According to monitoring data of the Environmental Protection Department under the Hanoi Department of Natural Resources and Environment, the water quality of river sections flowing through the inner city such as To Lich, Kim Nguu, Set, Lu, etc. are all within alarming pollution; the content of ammonium, coliform, phosphate, iron, etc. all exceeded the permitted standards. Particularly, ammonium measured 9mg/l - 20mg/l (18-40 times higher), coliform measured1.5x104 MPN/100ml - 7.5x105 MPN/100ml (2-100 times higher).
Impacts on life
According to statistics from the Ministry of Health and the Ministry of Natural Resources and Environment, each year, Vietnam has about 9,000 people die from using polluted water and poor sanitation. Every year, there are nearly 200,000 people with cancer, 250,000 people with acute diarrhoea are hospitalised, one of the main causes of which comes from contaminated drinking water. In fact, in some localities, cases of cancer and infections in women caused by the use of polluted water account for nearly 40%.
Up to 44% of children infected with worms and 27% of children under 5 years old are malnourished in Vietnam due to lack of clean water and poor sanitation (according to WHO). About 21% of the population is using water contaminated with Arsenic – or inorganic Arsenic, a highly toxic chemical commonly used in the creation of herbicides and pesticides (according to the report by the Ministry of Natural Resources and Environment).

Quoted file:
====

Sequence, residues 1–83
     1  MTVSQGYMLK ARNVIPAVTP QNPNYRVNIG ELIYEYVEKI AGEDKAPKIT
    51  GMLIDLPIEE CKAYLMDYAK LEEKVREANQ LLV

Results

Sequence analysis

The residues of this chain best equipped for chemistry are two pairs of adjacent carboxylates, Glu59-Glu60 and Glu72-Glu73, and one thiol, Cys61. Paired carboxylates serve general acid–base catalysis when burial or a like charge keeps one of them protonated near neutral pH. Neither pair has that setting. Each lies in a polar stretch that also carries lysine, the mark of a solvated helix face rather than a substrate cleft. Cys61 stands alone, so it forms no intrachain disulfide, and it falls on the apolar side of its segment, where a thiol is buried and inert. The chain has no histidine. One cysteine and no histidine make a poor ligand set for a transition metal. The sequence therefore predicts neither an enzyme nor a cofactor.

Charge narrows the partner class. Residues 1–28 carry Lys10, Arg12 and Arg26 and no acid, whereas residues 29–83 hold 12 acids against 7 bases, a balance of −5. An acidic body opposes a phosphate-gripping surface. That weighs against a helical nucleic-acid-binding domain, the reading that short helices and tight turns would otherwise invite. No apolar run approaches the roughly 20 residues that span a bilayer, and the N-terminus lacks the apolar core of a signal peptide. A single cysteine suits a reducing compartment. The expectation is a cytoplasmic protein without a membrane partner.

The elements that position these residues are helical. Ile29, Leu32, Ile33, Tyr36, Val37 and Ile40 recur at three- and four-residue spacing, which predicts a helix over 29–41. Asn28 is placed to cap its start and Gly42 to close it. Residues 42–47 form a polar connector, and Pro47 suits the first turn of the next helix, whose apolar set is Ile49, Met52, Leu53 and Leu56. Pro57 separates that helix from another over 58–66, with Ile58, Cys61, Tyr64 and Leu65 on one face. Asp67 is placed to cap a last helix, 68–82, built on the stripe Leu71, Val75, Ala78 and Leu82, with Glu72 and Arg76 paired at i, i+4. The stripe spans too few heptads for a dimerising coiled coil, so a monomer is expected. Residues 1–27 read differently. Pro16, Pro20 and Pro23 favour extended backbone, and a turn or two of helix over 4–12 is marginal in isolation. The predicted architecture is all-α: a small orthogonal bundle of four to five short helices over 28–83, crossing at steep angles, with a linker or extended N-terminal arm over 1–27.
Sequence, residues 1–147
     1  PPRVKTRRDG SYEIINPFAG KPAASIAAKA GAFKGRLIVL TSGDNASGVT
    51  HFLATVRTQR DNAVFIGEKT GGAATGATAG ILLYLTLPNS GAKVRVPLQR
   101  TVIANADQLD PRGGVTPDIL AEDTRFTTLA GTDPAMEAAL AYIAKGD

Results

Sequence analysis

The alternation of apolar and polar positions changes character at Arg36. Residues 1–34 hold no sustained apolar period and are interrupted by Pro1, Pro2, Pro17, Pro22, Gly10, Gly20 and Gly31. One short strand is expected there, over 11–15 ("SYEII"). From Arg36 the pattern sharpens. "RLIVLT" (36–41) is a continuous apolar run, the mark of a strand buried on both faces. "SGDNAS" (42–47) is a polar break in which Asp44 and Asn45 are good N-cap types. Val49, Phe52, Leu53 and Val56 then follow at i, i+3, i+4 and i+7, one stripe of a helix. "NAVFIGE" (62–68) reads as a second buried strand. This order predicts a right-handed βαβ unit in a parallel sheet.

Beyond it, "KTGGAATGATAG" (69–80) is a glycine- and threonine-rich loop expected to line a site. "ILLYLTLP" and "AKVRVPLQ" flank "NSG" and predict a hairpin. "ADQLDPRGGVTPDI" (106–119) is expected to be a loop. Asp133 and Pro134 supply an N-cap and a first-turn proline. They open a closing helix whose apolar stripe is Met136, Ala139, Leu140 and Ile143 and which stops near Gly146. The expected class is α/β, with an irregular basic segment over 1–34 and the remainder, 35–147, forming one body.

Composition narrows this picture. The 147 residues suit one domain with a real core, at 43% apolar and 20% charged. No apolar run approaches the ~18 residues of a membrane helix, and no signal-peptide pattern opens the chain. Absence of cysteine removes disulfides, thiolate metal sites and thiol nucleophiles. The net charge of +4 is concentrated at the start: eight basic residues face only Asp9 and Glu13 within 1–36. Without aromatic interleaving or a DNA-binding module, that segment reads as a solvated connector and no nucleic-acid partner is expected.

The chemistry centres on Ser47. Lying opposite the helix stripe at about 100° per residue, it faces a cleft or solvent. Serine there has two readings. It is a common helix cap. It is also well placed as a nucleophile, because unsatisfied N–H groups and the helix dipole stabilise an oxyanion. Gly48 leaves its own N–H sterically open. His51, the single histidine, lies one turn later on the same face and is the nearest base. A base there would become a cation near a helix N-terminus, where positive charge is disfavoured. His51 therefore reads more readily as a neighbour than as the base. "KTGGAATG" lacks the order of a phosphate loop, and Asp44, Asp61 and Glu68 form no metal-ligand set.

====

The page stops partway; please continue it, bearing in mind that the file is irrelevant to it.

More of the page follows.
According to the assessment report of UNICEF, the southern area of Hanoi is very heavily contaminated with arsenic, even topping the list of arsenic contaminated locations nationwide such as Phap Van, Tuong Mai, Linh Dam, and Nam Du (Hoang Mai), Ha Dinh (Thanh Xuan), Quynh Loi (Hai Ba Trung). In Ha Dong area, the index of nitrite contamination exceeded the allowable standard many times over. In Dong Da area recently, the test results have shown that the water has a nitrite content of over 20mg/l, exceeding the standard set by the Ministry of Health of 3mg/l, while in Hoang Mai district, most of the All water samples had ammonium values exceeding the standard.
Climate change, natural disasters, floods, landslides, prolonged heat and reduced rainfall all cause drought, leading to the risk of serious water shortages in localities. According to forecasts, by 2030, with sea level rise, our country has about 45% of the land area at risk of salinisation, leading to a 9% decrease in rice yield in the Southern region, seriously affecting agricultural production. It is forecasted that the area of the Mekong Delta provinces has 828,000 ha of saline soil, and in the Northern midland and mountainous region, about 2.3 million hectares of land are degraded, at risk of landslides.